The creation and evaluation of a systems-based practice/managed care curriculum in a primary care internal medicine residency program

Rand A. David, Lawrence M. Reich

Research output: Contribution to journalArticlepeer-review

25 Scopus citations


Background: A systems-based practice (SBP) is defined by the Accreditation Council for Graduate Medical Education as "manifested by actions that demonstrate an awareness of and responsiveness to the larger context and system of health care and the ability to effectively call on system resources to provide care that is of optimal value" (1). We developed a systems-based practice/managed care curriculum in a monthly workshop format, and integrated it into our Mount Sinai School of Medicine (Elmhurst) program in internal medicine. We evaluated the success of this workshop by utilizing both subjective and objective assessments of knowledge obtained by medical residents in attendance. Methods: We surveyed our medical residents in order to assess their educational experiences in the workshop with regard to their comfort level with the use, application, and discussion with patients of 13 concepts central to current SBP issues, as well as to what extent they believed the workshop improved or enhanced this level of comfort (subjective assessment). Residents then completed10 true/false questions designed to measure their understanding of key SBP points (objective assessment). Their performance on this section was evaluated based on their individual experiences with the workshop. Results: The mean comfort level for all 13 SBP topics increased via Likert scale from 2.79 before participation in the workshop, to 3.51 after participation. The mean comfort level improved for 11 out of the 13 topics (only "Medicaid" and "Medicare" did not show this improvement). Results of the 10-question test revealed that the mean percent correct score was lowest for those who did not attend the workshop (60% for interns and 67% for residents), intermediate for those who attended once (78%), and highest for those who attended more than once (84%). Of those who attended at least once, senior residents scored slightly lower than interns and junior residents (78% vs. 81%); the difference was not statistically significant. Conclusion: The inclusion of an SBP curriculum can increase internal medicine residents' understanding of, and comfort with, important topics in managed care and SBP.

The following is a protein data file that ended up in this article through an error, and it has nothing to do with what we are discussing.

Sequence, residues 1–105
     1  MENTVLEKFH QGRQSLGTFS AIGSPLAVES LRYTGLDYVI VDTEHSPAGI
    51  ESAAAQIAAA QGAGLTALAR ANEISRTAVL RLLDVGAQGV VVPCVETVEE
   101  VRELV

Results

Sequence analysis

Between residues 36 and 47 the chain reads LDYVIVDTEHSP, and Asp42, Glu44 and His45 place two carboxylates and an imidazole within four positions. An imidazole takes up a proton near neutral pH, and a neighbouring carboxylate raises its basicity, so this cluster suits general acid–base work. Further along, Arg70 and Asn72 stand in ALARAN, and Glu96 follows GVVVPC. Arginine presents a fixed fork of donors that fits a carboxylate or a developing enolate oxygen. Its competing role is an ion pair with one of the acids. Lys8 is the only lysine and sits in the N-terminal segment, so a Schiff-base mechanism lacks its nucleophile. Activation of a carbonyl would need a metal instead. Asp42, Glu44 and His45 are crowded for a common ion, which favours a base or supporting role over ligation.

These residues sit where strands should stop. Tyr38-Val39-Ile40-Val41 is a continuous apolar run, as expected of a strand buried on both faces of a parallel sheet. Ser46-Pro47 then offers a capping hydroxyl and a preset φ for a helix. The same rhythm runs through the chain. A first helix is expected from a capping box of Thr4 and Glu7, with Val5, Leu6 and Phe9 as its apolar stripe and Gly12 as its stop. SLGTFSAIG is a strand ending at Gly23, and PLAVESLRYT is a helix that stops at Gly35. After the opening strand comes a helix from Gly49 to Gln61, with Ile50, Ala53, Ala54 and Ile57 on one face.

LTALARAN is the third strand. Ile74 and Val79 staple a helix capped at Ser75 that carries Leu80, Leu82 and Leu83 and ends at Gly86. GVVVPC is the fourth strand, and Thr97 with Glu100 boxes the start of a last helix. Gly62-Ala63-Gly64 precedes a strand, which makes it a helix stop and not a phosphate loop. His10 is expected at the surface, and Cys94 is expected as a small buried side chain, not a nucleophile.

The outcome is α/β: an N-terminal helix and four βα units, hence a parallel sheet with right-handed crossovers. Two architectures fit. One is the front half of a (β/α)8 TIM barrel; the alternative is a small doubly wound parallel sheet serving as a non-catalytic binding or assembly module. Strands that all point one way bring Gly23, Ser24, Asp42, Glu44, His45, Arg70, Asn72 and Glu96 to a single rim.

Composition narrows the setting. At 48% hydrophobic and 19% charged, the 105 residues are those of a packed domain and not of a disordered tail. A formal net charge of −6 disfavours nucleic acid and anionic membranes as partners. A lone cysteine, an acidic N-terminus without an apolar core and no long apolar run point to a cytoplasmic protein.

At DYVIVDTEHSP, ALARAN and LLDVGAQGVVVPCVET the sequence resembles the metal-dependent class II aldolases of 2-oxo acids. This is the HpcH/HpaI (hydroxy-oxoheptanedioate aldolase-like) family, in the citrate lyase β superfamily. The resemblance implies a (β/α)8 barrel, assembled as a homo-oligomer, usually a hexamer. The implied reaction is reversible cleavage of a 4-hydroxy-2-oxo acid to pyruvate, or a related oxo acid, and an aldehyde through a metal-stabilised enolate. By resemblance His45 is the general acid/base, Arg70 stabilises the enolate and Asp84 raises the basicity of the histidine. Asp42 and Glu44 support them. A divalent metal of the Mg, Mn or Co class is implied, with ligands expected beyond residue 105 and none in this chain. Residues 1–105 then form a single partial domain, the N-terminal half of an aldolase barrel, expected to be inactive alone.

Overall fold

Original languageEnglish
Pages (from-to)296-299
Number of pages4
JournalMount Sinai Journal of Medicine
Issue number5
StatePublished - 2005
Externally publishedYes


  • Core competency
  • Managed care
  • Systems-based practice


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